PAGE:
translated and edited by Brett Larner
2016 Rio de Janeiro Paralympics marathoner and 2012 London Paralympics bronze medalist Shinya Wada, 39, ran in the Jan. 29 Osaka Half Marathon that was held at the same time as the Osaka International Women's Marathon. With the Tokyo Olympics coming onto the horizon just three years distant his goal was to take his 1:14:29 half marathon best down to the 1:10 level.
At December's Fukuoka International Marathon Wada ran 2:32:11, breaking his own T11 category (fully blind) Japanese national record by 1:35. Wada also holds the T11 national records on the track for 800 m, 1500 m, 5000 m and 10000 m. At the London Paralympics he won bronze in the 5000 m. In Rio he finished in the top eight in the 1500 m, the 5000 m, and, in the T12 category (use of a guide runner optional), the marathon. Despite such success, Wada feels pressure. "Athletes from other countries keep producing better and better times," he said. "Next time in Tokyo they'll be even better, and there will be new athletes too."
A passionate rugby player in his youth, Wada was diagnosed with a progressive retinal degeneration disorder while at Ikuno High School and lost his sight entirely his third year at Kansai University. When he was 28 a friend introduced to him to the Kamogawa Partners visually impaired running team in Kyoto, a moment that marked his beginning of his career in athletics. Initially his goal was simply to overcome a lack of exercise, but his talent was soon revealed and by 2009 he had been designated a high-potential developmental athlete by the Japan Blind Marathon Association. He currently works in the Osaka Prefectural Blind and Social Welfare Association's braille library in Osaka's Tennoji ward, working on braille transcription and transliteration while spending his free time refining running that seems unaffected by his age.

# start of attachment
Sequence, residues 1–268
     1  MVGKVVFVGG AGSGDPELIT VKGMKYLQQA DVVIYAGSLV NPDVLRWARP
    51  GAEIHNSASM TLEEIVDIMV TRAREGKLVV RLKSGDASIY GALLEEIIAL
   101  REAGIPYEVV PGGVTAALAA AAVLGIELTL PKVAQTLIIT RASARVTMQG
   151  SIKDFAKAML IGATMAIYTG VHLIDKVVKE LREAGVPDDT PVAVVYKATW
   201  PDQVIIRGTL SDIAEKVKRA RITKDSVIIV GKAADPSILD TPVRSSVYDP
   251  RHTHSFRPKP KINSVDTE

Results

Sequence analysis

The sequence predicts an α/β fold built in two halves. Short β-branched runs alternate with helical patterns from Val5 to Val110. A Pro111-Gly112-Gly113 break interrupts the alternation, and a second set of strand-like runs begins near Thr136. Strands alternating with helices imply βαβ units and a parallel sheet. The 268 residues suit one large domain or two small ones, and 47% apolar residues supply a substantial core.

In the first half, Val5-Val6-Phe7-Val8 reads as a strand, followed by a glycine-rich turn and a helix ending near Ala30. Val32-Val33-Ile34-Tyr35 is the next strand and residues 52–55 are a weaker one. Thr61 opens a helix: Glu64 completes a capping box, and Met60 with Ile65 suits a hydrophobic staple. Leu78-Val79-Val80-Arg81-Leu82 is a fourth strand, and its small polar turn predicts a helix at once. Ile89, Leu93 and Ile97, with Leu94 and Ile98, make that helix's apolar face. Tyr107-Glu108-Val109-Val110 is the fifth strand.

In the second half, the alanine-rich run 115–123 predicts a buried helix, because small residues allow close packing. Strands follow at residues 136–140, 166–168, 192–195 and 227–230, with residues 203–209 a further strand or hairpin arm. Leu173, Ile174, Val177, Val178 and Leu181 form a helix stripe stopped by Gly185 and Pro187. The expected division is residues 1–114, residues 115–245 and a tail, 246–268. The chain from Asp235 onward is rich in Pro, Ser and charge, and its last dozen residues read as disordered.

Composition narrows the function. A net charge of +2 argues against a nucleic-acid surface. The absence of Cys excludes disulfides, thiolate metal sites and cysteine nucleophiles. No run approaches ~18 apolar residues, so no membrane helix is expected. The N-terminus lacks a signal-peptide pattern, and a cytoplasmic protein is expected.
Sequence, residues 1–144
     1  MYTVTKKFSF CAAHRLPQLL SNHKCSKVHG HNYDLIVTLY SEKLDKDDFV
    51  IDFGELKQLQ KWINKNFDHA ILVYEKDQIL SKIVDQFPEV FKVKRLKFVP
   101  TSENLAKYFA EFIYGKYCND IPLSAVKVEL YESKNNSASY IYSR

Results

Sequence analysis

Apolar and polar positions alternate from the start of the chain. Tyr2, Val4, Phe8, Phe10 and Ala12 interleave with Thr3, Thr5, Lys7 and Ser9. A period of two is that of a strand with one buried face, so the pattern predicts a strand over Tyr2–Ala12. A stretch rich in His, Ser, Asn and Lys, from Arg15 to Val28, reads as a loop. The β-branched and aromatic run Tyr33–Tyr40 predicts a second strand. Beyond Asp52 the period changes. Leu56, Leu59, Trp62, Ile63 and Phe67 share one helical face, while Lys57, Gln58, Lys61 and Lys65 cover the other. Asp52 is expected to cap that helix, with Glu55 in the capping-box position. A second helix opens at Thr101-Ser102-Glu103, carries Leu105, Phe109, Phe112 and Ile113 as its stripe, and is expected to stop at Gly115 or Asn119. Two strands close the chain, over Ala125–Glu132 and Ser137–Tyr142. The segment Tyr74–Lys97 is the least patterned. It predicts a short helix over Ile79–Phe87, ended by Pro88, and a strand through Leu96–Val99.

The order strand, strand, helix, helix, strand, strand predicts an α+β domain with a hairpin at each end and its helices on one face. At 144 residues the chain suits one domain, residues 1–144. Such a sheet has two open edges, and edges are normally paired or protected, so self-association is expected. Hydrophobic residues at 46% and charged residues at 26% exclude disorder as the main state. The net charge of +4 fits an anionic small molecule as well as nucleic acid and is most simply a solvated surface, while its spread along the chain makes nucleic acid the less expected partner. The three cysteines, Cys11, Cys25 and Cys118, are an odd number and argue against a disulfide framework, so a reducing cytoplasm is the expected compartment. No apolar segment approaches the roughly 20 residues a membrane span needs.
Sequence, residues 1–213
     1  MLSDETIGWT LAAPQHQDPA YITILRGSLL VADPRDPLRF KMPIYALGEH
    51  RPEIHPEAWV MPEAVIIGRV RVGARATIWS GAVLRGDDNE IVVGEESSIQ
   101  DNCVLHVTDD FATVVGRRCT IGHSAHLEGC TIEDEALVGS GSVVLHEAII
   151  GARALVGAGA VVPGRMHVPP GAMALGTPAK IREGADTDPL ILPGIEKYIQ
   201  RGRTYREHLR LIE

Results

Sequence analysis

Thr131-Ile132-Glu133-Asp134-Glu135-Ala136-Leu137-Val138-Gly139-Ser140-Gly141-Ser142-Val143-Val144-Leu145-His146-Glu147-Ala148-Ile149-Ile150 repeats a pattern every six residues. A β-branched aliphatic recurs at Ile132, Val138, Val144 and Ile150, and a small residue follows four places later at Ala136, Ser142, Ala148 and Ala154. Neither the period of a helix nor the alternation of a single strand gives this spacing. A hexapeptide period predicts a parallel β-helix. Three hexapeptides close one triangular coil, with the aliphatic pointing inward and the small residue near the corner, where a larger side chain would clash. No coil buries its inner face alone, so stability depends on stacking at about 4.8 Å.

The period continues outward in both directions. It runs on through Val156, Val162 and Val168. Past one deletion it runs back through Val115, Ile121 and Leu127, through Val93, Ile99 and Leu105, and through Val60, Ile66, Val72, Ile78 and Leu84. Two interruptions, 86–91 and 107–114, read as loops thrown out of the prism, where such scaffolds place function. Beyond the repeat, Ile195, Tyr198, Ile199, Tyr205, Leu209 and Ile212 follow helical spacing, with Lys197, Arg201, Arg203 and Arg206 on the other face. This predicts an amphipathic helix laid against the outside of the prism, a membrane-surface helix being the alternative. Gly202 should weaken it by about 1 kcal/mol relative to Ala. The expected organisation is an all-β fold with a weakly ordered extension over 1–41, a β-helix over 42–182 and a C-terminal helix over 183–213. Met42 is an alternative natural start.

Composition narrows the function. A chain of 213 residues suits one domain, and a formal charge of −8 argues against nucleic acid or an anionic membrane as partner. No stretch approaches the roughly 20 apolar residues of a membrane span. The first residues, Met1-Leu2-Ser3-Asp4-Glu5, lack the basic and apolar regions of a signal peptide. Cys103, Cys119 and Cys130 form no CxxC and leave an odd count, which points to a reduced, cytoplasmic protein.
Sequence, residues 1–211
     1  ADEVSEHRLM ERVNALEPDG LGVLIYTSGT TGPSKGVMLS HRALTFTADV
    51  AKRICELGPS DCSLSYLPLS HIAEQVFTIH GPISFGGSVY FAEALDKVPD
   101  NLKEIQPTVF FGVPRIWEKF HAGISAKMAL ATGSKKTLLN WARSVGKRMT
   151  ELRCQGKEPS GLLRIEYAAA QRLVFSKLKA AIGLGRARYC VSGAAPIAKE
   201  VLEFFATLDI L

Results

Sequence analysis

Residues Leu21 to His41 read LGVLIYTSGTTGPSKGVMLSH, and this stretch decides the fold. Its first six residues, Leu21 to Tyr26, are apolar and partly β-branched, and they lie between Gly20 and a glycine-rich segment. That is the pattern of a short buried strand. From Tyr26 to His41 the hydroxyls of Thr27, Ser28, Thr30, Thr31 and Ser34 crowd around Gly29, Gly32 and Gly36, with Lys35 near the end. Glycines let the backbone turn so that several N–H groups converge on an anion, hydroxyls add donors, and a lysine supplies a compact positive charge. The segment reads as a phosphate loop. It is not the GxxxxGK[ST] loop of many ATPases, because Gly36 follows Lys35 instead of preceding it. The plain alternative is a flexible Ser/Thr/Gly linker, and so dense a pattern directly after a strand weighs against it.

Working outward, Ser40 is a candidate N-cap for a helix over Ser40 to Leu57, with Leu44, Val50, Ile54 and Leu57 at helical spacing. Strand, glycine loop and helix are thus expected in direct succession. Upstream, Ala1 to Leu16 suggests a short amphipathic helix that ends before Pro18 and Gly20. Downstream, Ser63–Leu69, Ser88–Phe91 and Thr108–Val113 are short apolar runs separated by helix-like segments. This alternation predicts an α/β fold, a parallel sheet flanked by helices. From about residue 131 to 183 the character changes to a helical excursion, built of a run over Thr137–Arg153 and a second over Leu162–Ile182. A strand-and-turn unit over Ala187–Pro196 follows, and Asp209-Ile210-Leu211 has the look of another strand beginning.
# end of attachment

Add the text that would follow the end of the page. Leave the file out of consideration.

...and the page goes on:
This year marked Wada's third time running the Osaka Half, back after a two-year absence. Building toward April's 2017 World Para-Athletics Marathon World Cup in London, he set his target time at 1:10. Falling just short of that mark, he took nearly three minutes off his PB with an official time of 1:11:37. "When I lost my eyesight I never imagined that I'd be able to run," he said. "Being able to move like this helps me feel better. "I hope that my running can be the trigger to do something positive for anyone whose spirit has been broken by the loss of their sight."
Wada's future goals include the T11 marathon world record of 2:31:59 and making the Tokyo Paralympics team three years from now. "I have to believe in my potential and take on my dreams," he said. "I want today's me to be better than yesterday's me, and tomorrow's me better still. To definitively overcome my past. For that to happen I have to make a great leap forward over the next year or two."